Curiosity Left B Navigation Camera image taken on Sol 2804, June 26, 2020.
Credit: NASA/JPL-Caltech

 

NASA’s Curiosity Mars rover is now carrying out Sol 2805 tasks.

Curiosity Left B Navigation Camera image taken on Sol 2804, June 26, 2020.
Credit: NASA/JPL-Caltech

“As much as the science team loves seeing Mars up close, sometimes the view isn’t quite as pretty for the engineering team,” reports Fred Calef, a planetary geologist at NASA’s Jet Propulsion Laboratory. “As the rover gets closer to hills or cliffs, like “Bloodstone Hill” that we just left, we encounter boulders that have rolled downslope (as they are wont to do), creating visual obstacles in our path.”

Curiosity Left B Navigation Camera image taken on Sol 2804, June 26, 2020.
Credit: NASA/JPL-Caltech

As Curiosity gets closer to hills or cliffs, like “Bloodstone Hill” that the rover just left, Calef adds, “we encounter boulders that have rolled downslope (as they are wont to do), creating visual obstacles in our path.”

It’s also the case that sometimes Mars makes bouldery landscapes, Calef points out, like when the robot drove up towards Vera Rubin Ridge.

Path ahead

“The path ahead is very similar to that. Rover planners only want to drive where they can see in the navigation images from the Mars surface,” Calef explains. “The area that is visible from where you are is called a viewshed. You can imagine that for a big rock, if you’re standing several meters away, you only see one side of it.”

Curiosity Left B Navigation Camera image taken on Sol 2804, June 26, 2020.
Credit: NASA/JPL-Caltech

Calef notes that for moving the rover, you don’t want to “drive around a corner” and find yourself staring over a cliff, driving over pointy rocks, or ending up embedded in sand!

“Granted, we can see a lot of martian terrain from satellite imagery, but since there’s no tow service or garages in Gale Crater, we have to be cautious,” Calef says.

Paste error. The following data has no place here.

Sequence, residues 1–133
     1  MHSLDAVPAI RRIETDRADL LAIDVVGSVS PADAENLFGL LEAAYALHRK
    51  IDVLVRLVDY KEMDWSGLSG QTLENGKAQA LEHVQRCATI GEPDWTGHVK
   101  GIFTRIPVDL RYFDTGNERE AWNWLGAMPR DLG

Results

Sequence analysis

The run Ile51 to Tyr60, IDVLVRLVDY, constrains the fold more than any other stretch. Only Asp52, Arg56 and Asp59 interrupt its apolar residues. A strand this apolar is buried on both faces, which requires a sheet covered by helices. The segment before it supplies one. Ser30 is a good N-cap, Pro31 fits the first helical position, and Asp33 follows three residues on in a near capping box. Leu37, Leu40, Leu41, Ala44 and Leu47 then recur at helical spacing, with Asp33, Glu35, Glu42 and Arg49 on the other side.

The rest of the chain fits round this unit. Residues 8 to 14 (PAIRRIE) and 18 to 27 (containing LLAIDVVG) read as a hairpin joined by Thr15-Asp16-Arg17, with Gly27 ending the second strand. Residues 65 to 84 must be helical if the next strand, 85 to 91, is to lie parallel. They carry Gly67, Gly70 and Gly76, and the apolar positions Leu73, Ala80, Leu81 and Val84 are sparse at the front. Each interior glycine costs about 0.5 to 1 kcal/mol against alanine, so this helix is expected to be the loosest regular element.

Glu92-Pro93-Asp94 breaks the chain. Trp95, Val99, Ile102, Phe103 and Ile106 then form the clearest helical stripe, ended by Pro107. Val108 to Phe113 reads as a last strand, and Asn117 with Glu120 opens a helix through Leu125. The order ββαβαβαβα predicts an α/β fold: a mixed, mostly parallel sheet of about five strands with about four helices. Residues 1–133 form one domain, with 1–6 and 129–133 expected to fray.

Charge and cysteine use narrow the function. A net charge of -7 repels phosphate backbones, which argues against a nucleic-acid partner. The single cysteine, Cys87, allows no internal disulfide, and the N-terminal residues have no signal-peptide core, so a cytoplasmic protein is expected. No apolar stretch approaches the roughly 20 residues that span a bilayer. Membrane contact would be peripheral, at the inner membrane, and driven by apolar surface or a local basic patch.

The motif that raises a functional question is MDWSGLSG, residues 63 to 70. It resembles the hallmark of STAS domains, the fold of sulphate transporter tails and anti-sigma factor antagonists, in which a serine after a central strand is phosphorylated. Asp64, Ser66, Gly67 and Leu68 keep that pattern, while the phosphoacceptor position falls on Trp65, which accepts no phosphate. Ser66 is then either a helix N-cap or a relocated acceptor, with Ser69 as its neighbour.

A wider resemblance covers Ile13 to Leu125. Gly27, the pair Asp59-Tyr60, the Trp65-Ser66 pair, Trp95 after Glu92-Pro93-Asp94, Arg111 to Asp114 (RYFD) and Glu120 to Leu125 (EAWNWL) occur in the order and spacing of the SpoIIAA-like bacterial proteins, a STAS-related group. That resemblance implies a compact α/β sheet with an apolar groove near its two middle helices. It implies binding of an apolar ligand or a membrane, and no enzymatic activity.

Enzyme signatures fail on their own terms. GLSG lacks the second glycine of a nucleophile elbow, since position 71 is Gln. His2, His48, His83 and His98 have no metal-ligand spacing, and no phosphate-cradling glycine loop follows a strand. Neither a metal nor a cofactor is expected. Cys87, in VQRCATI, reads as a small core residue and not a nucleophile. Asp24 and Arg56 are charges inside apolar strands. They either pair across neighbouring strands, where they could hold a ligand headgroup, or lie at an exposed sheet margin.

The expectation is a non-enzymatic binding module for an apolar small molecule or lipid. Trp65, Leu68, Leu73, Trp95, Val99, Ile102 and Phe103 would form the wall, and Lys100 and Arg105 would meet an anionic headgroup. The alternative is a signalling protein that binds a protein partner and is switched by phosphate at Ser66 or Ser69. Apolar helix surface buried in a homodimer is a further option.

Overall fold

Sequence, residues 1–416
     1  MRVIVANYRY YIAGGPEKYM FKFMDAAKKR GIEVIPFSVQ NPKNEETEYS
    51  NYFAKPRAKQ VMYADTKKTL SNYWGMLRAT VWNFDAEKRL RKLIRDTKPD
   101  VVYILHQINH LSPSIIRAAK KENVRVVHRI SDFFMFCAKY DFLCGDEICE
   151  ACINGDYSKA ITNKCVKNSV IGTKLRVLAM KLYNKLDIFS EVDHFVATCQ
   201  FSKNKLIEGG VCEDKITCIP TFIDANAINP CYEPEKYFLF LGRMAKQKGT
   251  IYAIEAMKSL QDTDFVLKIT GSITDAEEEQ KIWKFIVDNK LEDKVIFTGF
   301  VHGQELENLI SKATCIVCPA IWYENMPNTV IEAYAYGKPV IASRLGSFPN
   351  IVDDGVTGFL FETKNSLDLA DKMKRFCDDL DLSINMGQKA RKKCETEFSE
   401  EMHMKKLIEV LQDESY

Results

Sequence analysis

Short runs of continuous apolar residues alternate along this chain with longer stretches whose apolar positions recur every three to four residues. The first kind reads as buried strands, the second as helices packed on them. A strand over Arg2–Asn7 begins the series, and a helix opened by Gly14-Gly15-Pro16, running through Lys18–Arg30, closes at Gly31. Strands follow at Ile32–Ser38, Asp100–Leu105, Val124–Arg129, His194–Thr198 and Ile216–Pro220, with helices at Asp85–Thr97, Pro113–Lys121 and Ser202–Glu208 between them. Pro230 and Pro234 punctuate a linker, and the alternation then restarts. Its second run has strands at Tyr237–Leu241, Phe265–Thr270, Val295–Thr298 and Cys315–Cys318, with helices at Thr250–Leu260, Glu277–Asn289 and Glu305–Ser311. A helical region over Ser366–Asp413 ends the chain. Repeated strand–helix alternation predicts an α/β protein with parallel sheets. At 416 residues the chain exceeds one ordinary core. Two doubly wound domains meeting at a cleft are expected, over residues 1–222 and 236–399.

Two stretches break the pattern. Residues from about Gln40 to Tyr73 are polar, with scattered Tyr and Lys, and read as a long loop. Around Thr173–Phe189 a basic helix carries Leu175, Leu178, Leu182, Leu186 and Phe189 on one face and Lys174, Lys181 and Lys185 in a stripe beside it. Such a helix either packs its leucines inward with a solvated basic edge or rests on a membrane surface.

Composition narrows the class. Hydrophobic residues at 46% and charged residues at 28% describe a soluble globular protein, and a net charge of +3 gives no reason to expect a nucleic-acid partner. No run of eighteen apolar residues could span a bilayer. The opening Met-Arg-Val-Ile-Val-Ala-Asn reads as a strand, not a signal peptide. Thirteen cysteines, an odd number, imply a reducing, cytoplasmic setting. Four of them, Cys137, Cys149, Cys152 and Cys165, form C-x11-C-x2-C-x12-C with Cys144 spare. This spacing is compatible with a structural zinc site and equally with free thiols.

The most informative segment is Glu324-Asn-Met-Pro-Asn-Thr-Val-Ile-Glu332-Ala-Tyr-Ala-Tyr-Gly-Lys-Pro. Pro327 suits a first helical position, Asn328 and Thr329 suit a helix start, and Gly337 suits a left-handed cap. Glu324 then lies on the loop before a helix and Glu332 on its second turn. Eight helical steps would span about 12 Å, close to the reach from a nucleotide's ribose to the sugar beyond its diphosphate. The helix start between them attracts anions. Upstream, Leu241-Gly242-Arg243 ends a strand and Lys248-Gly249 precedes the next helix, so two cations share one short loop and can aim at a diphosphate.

Curiosity Left B Navigation Camera image taken on Sol 2804, June 26, 2020.
Credit: NASA/JPL-Caltech

Longer drive

All that said, the robot’s next drive will be only about 49 feet (15 meters), so researchers can get a better view for a longer drive in the next planning cycle.

The Curiosity schedule plan for Sol 2803 is to scope out some of the local bedrock at the outskirts of Bloodstone Hill with ChemCam on “Powburn,” “Hunterian,” ‘Earl’s Palace,” and “Otterburn” with accompanying Mastcam images.

Curiosity Front Hazard Avoidance Camera Left B photo acquired on Sol 2804, June 26, 2020.
Credit: NASA/JPL-Caltech

The rover arm will be deployed to get some Alpha Particle X-Ray Spectrometer (APXS) chemistry, microscopic views with the rover’s Mars Hand Lens Imager (MAHLI), and Mastcam images on “Capercaillie,” a rock with multiple layers.

Curiosity Left B Navigation Camera image taken on Sol 2804, June 26, 2020.
Credit: NASA/JPL-Caltech

“Bloodstone Hill” appears just to the right as well as numerous decimeter-scale bounders on the bumpy road ahead up Mt. Sharp. Curiosity Left Navigation Camera image taken on Sol 2802 June 24, 2020.
Credit: NASA/JPL-Caltech

“Despite not being able to see too far ahead, we’ll still take some Mastcam mosaics of polygonally fractured bedrock and a look back at Bloodstone Hill. Environmental monitoring will include a line-of-sight view and dust devil search movie with Navcam. After a short drive on Sol 2805, we’ll take some views ahead and do a Mastcam clast survey, looking at the pebbles on the ground,” Calef reports. “Here’s to an expansive view of the road ahead!”

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